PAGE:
“We are pretty well immune to any disease,” said the Count. “But we still can get things from blood – like a serious high from a hippie full of LSD. It was an interesting time though, in the sixty’s. The time before that was 1912, and the Titanic.”
“Were you on it?”
“Yes I was. A beautiful voyage. The best in wine, food, music – I enjoyed and nibbled. Passengers, crew, it didn't matter. Although my feeding may have distracted some of the crew on duty that final night.”
“You crashed the Titanic?” said the wolf.
“Not directly,” said the Count. “But I did feel a little guilty after, so spent the night swimming from raft to raft – the cold did not bother me of course – and making sure they made room for all the women and children. I can be very persuasive.”
“That's - weird,” said the Wolf. “But why a 50 year sleep?”
“I get bored,” said the vampire. “I find some victims, do some partying, throw lots of cash around, but it all seems the same.”
“Don't you need to work?” asked the wolf.
“Never bothered,” said the Count. “Didn't find anything I liked. Some of us do, though. I checked up on my cousin, he's working in New York, for some children's TV show. Says he likes it, easy job, mostly counts things. Suits him – he tells me he is what they call obsessive compulsive. I don't need to work anyway, I have a lot of money. I have been invested for years.”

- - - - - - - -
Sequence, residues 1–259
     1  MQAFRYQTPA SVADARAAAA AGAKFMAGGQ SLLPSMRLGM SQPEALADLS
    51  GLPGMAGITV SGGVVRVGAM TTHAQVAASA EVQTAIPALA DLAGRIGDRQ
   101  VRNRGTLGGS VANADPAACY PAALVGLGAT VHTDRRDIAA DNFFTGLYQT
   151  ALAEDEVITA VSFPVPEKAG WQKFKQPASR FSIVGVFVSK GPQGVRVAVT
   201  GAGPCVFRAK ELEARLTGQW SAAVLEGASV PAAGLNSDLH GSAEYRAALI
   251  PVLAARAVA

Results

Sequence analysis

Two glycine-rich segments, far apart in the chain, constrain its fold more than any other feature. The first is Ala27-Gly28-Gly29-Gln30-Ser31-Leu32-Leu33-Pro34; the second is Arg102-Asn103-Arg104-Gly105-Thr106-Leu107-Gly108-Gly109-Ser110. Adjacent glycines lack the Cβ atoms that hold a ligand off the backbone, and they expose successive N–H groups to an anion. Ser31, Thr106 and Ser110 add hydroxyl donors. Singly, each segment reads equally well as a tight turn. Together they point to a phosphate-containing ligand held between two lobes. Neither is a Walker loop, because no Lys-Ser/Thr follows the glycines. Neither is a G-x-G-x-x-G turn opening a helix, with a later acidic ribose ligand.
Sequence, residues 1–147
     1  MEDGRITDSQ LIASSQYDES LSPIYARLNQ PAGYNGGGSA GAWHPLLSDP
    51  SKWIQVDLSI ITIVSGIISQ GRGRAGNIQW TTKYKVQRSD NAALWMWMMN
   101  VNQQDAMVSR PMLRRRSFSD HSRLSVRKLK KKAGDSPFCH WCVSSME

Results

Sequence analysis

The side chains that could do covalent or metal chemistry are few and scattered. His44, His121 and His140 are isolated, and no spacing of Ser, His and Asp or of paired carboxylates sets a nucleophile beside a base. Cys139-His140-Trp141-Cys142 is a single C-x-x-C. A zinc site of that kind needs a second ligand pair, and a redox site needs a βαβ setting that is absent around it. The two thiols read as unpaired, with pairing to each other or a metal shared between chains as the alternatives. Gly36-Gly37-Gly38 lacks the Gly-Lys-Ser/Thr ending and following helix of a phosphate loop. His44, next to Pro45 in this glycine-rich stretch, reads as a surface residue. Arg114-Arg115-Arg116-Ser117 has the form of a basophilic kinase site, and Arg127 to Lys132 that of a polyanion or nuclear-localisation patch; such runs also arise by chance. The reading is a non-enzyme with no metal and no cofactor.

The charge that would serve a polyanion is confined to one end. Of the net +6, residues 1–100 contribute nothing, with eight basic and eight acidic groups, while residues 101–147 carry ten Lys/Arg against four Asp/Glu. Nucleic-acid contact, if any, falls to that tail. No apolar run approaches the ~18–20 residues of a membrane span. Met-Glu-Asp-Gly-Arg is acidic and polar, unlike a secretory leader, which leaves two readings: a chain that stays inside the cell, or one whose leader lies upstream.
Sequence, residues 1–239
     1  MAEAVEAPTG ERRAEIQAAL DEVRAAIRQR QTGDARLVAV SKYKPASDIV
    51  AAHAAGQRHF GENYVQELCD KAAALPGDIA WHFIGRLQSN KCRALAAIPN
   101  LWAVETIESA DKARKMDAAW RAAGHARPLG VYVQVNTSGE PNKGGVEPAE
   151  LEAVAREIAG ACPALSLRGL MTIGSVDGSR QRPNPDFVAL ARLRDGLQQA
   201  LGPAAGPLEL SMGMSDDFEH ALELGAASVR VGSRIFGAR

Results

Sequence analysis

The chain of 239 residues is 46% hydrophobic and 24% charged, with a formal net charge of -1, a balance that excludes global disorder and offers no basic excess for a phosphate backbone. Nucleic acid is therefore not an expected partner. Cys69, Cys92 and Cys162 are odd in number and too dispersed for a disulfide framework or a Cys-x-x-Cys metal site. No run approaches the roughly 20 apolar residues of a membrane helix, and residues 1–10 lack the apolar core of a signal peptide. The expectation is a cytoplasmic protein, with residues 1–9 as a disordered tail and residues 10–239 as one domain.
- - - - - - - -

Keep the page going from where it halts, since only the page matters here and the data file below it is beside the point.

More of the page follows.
“Wish we'd done that,” said the wolf. “We all still have to work. But at least we like it.”
“We?” said the Count.
“Hi boys.” It was the singer he'd been trying to not listen to.
“Good evening,” he said. “I am the Count.” He looked at her long, pale neck. “Beautiful singing. From a beautiful mouth. And a beautiful neck.” He leaned forward slightly.
Red's eyes opened wide. “Why, you're a ...”
The wolf pushed his way in front of the Count. “Back off Count, she's my friend.”
“Yes, excuse me,” said the Count. “My apologies, I get too hungry at times. I have tried to quit but it never works. Please, let me buy you two a drink.”
“OK,” said Red. “Just keep your distance.”
She listened as the Count repeated his story for her, then suddenly turned to the wolf. “Rom, I thought Buddy was meeting us here?”
“Oh shit,” said the wolf. “I forgot about him. His training went so well, that tonight I let him go solo.”
Just then there was a yell from the door and a big burly man, brandishing a wooden stake, came rushing at the Count. The Count bared his fangs, hissed, and prepared to attack.
“Wait a sec guys,” said Red. She pushed at the Count. “Rom, stop Buddy, just give us a break.”